Found on Madison Square, the Sorrel-Weed House has gained a reputation as the most haunted spot in a city known for ghouls. The house has been the subject of just about every sort of “Ghost Hunting” reality show that exists, and even offers visitors the chance to take a spooky nighttime tour. But Jürgen and I decided to check it out during the day, on an architectural tour.
I clearly remember the first time we entered Savannah, and turned onto 37th Street, where we would be living for three months. Huge oak trees canopied the street and random rays of sunlight squeezed past the Spanish moss, which hung apathetically off branches like the embodiment of sorrow. Years from now, when I shut my eyes and think “Savannah,” Spanish moss washed in sunlight will be what I see.
Our unofficial guide during our day trip to Bluffton, South Carolina was Nancy, who owns and operates a store of miscellany named Eggs N Tricities. This shop is packed to the gills with weird, random stuff, and even if you’re not in the market for curios, it’s great fun to poke around.
One of the area’s best-kept secrets is found a half hour south of Savannah, in the small village of Townsend: The Old School Diner, owned and operated by Chef Jerome. A couple friends invited us to the restaurant, where we enjoyed some deliciously unhealthy food, and had a rollicking good time that won’t be forgotten.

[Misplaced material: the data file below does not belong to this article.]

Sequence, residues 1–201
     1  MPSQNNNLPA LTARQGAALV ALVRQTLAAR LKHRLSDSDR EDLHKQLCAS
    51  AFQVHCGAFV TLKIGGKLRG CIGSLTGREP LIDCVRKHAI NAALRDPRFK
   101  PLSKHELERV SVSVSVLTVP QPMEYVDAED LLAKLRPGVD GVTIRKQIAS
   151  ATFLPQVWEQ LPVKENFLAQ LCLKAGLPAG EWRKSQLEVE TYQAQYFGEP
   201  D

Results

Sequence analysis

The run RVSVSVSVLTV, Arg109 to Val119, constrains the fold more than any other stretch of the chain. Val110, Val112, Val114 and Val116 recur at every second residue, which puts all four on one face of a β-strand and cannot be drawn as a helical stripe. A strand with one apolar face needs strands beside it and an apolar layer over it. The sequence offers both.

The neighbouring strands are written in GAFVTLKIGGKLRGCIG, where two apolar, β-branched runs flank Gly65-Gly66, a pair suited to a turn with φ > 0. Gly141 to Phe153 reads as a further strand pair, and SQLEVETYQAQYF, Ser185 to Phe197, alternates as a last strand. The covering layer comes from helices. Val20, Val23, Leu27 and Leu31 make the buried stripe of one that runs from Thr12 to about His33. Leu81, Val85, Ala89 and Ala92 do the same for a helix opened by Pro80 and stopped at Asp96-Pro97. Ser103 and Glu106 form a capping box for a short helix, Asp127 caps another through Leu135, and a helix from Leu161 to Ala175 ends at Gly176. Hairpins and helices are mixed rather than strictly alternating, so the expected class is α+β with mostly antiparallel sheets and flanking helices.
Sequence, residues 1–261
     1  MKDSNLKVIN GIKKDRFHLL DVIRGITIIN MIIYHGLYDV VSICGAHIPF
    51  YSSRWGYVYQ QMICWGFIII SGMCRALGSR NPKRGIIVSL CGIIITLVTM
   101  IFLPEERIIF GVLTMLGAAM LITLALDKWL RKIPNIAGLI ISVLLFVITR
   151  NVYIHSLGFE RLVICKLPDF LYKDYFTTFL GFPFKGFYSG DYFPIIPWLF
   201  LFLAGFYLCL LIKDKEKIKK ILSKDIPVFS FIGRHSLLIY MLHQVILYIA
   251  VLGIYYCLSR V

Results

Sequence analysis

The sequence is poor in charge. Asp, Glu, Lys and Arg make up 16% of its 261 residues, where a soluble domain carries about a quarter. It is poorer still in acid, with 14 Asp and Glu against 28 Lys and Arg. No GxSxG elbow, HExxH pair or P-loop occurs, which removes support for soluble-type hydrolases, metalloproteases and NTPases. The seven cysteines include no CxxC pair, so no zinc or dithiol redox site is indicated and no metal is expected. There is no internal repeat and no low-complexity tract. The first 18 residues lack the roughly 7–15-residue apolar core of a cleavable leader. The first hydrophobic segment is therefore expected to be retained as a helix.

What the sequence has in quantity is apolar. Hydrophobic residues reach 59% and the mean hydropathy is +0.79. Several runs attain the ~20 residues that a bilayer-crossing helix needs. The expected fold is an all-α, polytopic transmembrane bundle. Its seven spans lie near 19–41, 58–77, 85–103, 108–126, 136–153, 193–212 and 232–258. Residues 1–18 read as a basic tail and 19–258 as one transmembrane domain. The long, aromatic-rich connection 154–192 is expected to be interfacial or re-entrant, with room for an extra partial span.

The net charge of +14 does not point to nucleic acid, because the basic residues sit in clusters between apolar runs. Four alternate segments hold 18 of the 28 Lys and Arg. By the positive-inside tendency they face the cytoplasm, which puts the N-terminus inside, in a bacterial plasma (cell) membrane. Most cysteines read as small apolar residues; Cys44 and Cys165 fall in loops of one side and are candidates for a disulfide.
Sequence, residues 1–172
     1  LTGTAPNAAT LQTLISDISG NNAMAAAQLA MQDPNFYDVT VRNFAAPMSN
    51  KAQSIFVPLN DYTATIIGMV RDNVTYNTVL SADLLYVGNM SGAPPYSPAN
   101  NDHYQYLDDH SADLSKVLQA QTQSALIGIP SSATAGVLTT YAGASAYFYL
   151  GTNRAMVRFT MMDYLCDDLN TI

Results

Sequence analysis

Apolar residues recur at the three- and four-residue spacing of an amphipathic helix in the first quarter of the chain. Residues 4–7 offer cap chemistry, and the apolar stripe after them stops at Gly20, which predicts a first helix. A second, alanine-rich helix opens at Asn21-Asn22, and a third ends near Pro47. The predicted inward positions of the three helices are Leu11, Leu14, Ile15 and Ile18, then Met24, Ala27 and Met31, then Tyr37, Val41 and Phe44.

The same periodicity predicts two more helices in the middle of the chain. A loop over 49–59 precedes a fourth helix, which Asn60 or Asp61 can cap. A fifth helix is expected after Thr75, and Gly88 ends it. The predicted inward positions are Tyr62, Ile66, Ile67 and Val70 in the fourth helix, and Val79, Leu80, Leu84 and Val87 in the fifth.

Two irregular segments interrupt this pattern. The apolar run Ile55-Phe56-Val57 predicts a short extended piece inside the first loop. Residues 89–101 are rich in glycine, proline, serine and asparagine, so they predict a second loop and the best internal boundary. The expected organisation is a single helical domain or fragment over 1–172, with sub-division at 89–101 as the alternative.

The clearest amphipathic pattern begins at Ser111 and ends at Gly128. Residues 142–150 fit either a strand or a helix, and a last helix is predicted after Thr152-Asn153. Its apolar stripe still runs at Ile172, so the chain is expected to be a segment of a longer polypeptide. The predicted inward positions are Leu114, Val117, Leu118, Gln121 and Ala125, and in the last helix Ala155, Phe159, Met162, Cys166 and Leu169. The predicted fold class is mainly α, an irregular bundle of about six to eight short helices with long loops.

It started as a crush. Like gum-smacking girls, giggling together at their lockers while the dreamy blue-eyed quarterback passes by, we were initially just obsessed by Savannah’s beauty. But over the course of months, we learned that this city isn’t just superficially gorgeous. It’s got a rich history, fabulous people and a unique vibe all its own. Yep, Savannah is a keeper.
In most cities, you hail down a taxi and drive in silence to your destination. At best, the driver comments on the weather, or is talking on his cell phone in a language you don’t understand. You’ll pay your fare and think how uneventful and efficient that taxi ride was, if you think of it at all.
What could be better than touring Savannah in a hearse with a raised roof, so you can poke your head out the top? Nothing comes immediately to mind, does it? I mean, a ghost tour in a tricked-out hearse is kind of like the pinnacle of human culture.
The biggest mistake you can make in Savannah is forgetting to bring your camera with you when you leave the house. Unique photo opportunities spring up like clockwork in this city! Jürgen brought his everywhere — to the supermarket, on walks with our dog, and even to the bar. You never know when this city is going to surprise you with a great snapshot.
Let’s be honest here. Pinkie Master’s Lounge is great, but it’s not the kind of bar you’re going to take home and introduce to your parents. You won’t be taking Pinkie Master’s to the Olde Pink House for an awkward first date, and you would never conceive of one day marrying it. Pinkie Master’s just isn’t that kind of bar. But on those late weekend nights, after respectable joints have closed up, and you’re not yet ready for bed… when you’re still looking for a good time… Pinkie Master’s knows what ya want. Pinkie Master’s got what ya need.